Over this past year, several settlements involved allegations of submitting false claims for unsupervised radiology studies. Another case included allegations of submitting false claims because certain facilities lacked proper accreditation. That case also required the organization to enter into a three-year Integrity Agreement with the HHS-OIG and implement compliance-related obligations, such as training, auditing, and monitoring designed to address the conduct alleged in the case.

Another significant risk area involves compliance with HIPAA, which, among other things, sets forth national standards to protect sensitive patient health information from being disclosed without the patient’s consent or knowledge. HHS is responsible for HIPAA’s implementation and has issued numerous rules that are likely to impact your practice, including the following:

• the Privacy Rule, which addresses the use and disclosure of an individual’s protected health information (PHI);

• the Security Rule, which protects all individually identifiable health information created, received, maintained, or transmitted in electronic form (ePHI); and

• the Breach Notification Rule, which requires covered entities and their business associates to provide notification following the breach of unsecured PHI.

The HHS Office of Civil Rights (OCR) serves as the enforcer of HIPAA and its rules. One recent example of OCR’s enforcement concerns a medical imaging services company server that allowed uncontrolled access to more than 300,000 patients’ PHI by allowing internet search engines to index the PHI and remain visible even after the server was taken offline. OCR’s investigation uncovered a failure by the company to comply with HIPAA requirements, such as conducting an accurate and thorough risk analysis of the potential risks and vulnerabilities affecting the confidentiality, integrity, and availability of all its ePHI. Ultimately, the company paid $3 million to settle potential violations of the HIPAA rules, including the Breach Notification Rule. The OCR also required the company to enter into a six-year resolution agreement and corrective plan to address its noncompliance that led to the uncontrolled access.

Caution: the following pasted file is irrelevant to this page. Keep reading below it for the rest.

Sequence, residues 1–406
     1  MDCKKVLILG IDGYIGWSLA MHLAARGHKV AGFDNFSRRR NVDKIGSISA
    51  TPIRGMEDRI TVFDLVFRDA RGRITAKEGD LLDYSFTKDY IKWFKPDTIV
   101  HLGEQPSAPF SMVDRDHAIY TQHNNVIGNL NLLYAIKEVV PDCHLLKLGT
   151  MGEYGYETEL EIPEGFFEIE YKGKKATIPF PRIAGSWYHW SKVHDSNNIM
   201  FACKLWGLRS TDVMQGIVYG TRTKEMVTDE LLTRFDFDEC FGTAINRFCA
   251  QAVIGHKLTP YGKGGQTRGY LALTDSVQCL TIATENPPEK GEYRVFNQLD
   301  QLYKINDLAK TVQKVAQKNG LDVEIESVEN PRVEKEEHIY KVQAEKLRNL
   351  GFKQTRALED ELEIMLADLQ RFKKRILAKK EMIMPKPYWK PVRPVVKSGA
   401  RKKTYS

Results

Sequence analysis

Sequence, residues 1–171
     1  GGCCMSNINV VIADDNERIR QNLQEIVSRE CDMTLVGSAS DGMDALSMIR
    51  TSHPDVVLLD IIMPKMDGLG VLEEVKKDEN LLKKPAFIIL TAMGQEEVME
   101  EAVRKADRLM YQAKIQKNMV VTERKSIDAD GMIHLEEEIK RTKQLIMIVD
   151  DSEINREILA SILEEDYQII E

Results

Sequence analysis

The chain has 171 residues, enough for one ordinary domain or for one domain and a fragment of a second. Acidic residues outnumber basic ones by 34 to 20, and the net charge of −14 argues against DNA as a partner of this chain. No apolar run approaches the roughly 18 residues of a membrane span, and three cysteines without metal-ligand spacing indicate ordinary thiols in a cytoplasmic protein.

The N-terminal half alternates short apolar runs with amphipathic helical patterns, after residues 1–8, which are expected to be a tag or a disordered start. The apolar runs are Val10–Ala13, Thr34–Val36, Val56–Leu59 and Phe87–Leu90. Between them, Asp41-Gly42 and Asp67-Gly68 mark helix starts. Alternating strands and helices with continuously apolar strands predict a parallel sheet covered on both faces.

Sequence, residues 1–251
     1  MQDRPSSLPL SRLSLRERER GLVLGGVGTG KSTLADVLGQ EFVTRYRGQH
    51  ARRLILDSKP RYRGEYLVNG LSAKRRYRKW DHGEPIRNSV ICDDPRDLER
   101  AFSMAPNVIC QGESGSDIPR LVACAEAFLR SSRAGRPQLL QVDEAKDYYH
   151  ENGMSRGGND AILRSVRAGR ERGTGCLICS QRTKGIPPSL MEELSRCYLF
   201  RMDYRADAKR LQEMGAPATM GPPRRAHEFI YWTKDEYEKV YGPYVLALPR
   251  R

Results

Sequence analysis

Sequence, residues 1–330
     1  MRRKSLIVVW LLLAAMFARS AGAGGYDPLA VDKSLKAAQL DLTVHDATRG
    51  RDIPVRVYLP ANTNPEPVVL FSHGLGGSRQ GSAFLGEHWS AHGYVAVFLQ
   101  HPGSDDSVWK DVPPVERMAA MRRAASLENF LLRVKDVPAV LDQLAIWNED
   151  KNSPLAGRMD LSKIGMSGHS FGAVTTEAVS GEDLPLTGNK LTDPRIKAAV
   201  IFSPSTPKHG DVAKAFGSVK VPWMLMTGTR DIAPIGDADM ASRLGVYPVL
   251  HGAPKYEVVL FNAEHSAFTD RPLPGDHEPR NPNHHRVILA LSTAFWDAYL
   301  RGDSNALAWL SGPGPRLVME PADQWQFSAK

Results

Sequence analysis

Cyberattacks on the Rise
To underscore the severity of cybersecurity risks that health care organizations face, ProPublica published an investigative report in September 2019 revealing that millions of medical images and health data, generated from PACS, existed on unprotected internet servers that were easily accessible by anyone with basic computer expertise.

In March 2020, Fortune published an article that discussed the results of a threat report finding that 83% of internet-connected medical imaging devices were vulnerable to attack, compared with 56% in 2018. Five months later, an imaging company announced it was subject to a ransomware attack that caused a data theft affecting almost 245,000 patients. In February 2021, another imaging company notified patients that their data may have been accessed by unauthorized parties for 18 months, due to a security vulnerability involving third-party hardware that stored and transmitted information between medical service providers.

For radiology practices, knowing the risks associated with the vendors they choose and having a robust compliance program to monitor external threats can provide an added level of protection. Organizations with an effective compliance program stand a better chance to detect and respond to the risks posed by cybercriminals and others. Therefore, it is critical that radiology practices regularly review and evaluate their compliance programs and take the opportunity to gather internal stakeholders, ensuring policies are up to date and being implemented as expected. Finally, when in doubt, never hesitate to turn toward a compliance expert, whether it be your in-house department or outside counsel, for help. After all, they are on your side.

— Nicodemo “Nico” Fiorentino is the compliance counsel for Guerbet.